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Turn off Pedestrian Avoidance/Braking

2018 Model 3, LR, Dual Motor, FSD, 2021.4.6

Tesla really needs to turn this off. Not sure what happened with it but the original roll out worked well. I had one incident on a highway when a worker dragging a jack hammer up to the edge of the cones tripped it before I got to him. It was pretty cool to see it work having recorded it with the dashcam. I think I posted the video on this site over a year ago. A little startling but it worked. Over the last year it is really bad and doesn’t brake until you are way past the person. A good 15 - 20’ past them when it suddenly slams on the brakes. It just happened again the other day, girl walking home from bus stop, I pass her and then it slams on the brakes, I can actually see her in the rear view mirror, that’s how far beyond her I am. This is now the fourth time it has done this over the past year. The other two times person(s) were walking between cars and another occasion the person was on the left side of the road walking on the island towards the crosswalk. It sees them but I'm already past them before it engages. It seems to be the program is getting the message priority too late, pedestrian ahead..., where, back there now, ohh, slammo!!!

Not sure if this is unique to my vehicle or if others have noticed this behavior? Hopefully they fix it soon.
This isn't super helpful for your car's behavior beyond a referential data point, but my experience has been the opposite- my car regularly slows for and is otherwise wary of pedestrians ahead of the car and near the lane of travel. There's even one specific tree that I sometimes drive by that fools me into thinking it's a person in the median and the car slows for it too. There was even one case I posted back (albeit a few months ago) of a situation where two people were walking near the curb, and one person gave the other a small shove toward the road- enough to make them take a half-step onto the curb itself - and my car gave an audible alert, slowed, and juked the car to the far side of the lane. Sure, the driver of the car behind me was a little miffed if his horn was any indication, but I'd rather that than what could have happend if the person had not maintained eir balance.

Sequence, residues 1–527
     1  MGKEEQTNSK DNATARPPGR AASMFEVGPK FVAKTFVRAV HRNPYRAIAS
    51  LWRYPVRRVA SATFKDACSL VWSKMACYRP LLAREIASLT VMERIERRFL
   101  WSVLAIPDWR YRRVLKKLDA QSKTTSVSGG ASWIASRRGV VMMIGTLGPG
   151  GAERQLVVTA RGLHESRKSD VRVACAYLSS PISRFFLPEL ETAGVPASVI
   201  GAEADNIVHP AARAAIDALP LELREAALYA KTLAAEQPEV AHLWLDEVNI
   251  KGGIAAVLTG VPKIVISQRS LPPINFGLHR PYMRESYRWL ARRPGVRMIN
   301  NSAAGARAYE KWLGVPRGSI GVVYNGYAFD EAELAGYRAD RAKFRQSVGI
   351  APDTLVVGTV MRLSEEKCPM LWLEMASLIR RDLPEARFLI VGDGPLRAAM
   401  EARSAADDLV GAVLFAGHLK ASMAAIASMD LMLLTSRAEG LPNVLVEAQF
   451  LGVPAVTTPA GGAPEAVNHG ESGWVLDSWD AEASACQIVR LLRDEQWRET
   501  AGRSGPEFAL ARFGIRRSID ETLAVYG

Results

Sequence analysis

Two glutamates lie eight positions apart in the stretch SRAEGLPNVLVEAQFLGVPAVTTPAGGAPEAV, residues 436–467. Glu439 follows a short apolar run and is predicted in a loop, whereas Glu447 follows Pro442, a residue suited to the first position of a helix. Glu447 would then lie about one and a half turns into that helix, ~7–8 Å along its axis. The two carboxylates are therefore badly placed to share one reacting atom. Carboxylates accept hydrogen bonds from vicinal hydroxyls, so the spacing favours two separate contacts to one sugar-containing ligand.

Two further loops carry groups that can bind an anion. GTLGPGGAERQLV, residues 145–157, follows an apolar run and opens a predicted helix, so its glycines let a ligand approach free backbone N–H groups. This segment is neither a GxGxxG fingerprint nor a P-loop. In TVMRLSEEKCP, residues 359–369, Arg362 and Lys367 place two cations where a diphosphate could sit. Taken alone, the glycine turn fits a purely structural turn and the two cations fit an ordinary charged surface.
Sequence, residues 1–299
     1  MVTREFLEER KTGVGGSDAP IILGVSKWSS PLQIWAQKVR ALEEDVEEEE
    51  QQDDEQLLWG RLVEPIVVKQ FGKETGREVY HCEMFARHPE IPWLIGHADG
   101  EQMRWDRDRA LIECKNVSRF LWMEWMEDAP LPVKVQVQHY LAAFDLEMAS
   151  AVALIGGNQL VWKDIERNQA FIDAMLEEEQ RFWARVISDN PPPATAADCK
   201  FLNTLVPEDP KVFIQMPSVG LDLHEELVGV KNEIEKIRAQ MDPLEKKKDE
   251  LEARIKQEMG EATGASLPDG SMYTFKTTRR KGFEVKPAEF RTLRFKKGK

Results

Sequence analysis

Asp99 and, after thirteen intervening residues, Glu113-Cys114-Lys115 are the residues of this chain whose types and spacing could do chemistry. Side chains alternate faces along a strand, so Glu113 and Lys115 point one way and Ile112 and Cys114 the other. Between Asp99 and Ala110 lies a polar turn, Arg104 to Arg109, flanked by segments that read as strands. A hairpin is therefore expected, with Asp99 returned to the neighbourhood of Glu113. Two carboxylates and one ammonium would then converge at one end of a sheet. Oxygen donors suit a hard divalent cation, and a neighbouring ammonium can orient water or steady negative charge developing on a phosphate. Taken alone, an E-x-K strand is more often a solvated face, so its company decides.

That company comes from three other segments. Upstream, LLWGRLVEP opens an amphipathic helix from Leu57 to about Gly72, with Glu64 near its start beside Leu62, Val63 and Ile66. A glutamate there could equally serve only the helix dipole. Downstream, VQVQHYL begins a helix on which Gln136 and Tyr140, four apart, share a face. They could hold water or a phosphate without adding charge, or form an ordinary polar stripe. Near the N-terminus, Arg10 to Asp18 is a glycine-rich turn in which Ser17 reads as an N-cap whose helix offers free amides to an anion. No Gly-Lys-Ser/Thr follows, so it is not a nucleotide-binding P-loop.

i was driving 66 mph on a divided highway when a railroad worker began slowly walking his way across all 4 lanes towards the rail gang working next to the road.
I was in the right lane, and he was moving away from me in the left lane when the car recognized him and hit the brakes, slowing, but not stopping. It handled it well, but I'm glad nobody was right behind me, as the typical driver would have sensed the pedestrian was out of the way by then and would not have slowed down.